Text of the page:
Installing a generator is not as simple as installing a common household appliance. A generator install requires more attention, more preparation, and more knowledge than selecting a refrigerator at a local hardware store and opening your front door for the installation team to plug it in. While a professional installation is necessary for generators, you will play an active role in the process. We’re here to walk you through each step, so you know what to expect.
1. Choose the Location
Your generator will need to be in an appropriate location and connected to a fuel source. You will also need to connect your generator to a transfer switch based on the location of your generator, its accessibility, and your home’s wiring.
Use the following list to narrow down the best spot for your generator:
Easily accessible for maintenance
Near your fuel source and electrical connection
Away from windows, doors, and water sources
Not blocking utilities
Clear on every side and above
Compliant with HOA regulations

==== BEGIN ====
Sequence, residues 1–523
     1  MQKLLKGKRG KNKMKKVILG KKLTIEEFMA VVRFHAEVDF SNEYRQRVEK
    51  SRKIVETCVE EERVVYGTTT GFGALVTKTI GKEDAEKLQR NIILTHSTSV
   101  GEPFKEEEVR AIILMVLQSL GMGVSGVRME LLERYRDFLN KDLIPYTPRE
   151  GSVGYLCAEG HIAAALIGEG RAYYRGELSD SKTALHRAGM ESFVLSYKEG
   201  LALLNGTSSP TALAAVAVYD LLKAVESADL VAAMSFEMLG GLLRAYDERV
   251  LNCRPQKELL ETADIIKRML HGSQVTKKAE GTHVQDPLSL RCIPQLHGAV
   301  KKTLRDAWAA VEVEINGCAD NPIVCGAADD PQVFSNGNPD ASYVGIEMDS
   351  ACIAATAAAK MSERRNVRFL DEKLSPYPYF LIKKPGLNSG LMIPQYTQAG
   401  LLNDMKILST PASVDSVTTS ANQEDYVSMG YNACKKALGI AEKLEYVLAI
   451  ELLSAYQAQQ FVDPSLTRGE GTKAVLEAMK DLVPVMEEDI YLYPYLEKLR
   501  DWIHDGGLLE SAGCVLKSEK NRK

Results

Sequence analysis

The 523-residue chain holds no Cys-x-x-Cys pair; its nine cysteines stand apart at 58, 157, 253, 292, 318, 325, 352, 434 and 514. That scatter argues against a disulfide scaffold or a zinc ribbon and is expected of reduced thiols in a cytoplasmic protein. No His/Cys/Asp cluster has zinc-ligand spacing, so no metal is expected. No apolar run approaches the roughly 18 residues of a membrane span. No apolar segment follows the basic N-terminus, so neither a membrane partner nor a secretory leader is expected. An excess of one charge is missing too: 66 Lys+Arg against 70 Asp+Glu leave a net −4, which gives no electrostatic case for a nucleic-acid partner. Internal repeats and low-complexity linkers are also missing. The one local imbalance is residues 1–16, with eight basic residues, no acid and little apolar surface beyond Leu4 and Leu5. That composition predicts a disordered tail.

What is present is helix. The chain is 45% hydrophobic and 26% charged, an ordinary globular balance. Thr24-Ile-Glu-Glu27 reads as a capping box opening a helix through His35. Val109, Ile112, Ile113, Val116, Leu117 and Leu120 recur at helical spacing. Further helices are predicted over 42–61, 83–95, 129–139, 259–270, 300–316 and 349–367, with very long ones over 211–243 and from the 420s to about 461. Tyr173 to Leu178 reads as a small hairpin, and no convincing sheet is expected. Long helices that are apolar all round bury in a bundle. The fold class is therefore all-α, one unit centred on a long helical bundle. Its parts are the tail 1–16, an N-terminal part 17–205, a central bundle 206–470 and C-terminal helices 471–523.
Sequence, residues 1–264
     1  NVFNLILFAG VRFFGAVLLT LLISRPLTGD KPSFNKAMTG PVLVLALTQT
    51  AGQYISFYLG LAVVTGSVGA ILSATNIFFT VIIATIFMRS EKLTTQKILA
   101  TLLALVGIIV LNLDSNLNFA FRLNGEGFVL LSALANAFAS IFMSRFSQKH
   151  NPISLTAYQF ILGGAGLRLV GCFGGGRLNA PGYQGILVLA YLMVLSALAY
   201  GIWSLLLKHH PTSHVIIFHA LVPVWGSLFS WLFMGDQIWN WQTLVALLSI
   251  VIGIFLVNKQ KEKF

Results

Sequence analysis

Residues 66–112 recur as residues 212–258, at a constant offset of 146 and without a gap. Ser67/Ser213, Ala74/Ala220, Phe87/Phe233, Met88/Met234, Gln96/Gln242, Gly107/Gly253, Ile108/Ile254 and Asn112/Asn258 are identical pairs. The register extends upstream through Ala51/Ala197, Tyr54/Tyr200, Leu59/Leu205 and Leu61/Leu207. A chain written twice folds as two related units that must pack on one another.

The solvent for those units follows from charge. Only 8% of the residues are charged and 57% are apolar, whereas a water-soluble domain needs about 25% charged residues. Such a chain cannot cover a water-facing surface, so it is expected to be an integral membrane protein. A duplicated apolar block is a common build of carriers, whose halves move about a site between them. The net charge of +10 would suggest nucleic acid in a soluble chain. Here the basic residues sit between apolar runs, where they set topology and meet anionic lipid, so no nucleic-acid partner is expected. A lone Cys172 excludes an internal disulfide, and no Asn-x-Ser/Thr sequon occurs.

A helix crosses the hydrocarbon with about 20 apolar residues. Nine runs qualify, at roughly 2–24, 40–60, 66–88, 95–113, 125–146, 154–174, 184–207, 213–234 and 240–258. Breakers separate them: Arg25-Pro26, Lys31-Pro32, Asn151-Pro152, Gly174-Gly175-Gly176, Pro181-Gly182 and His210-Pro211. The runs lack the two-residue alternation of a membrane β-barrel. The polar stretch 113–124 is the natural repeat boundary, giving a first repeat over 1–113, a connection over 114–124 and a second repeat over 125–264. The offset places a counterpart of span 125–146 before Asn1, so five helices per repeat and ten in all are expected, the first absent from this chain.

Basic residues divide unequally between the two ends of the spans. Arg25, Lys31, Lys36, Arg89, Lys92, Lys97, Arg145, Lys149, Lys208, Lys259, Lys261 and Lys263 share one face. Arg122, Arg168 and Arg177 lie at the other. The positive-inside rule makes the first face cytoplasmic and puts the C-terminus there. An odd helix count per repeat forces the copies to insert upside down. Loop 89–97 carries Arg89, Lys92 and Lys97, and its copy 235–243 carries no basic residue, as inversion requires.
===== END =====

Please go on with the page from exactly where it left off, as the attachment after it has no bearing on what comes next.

2. Obtain Necessary Permits
Before moving forward, learn your town, county, and local government’s requirements for installing a generator. Many Homeowners Associations also have regulations for installing a generator in a residential area. You will be required to obtain specific permits before installation. In most cases, permits will be issued on the same day they are applied for.
3. Pour a Concrete Slab
Your generator needs to stand on a concrete pad to keep it above standing water, and to anchor it in place. This will protect your home (and allow your generator to do its job) during a storm or natural disaster.
4. Connect the Generator
Now your installer will connect the generator to your home or business through a transfer switch. This allows the generator to be incorporated into the current electrical configuration as a secondary source of power. Then, the generator will be connected to a fuel source. If you do not have an existing natural gas line to connect it to, you can easily connect it to a propane tank and receive the same performance.
5. Pass an Inspection
After your generator is hooked-up, your installer will inspect the connections and oil and fuel levels. This is done through an outage simulation that will ensure your generation will work correctly during a power outage.
Zaskoda Repair has skilled technicians who can install your business or home generator in major Texas cities. For more questions about the installation process, or to set up an appointment for a generator installation, contact Zaskoda Repair today.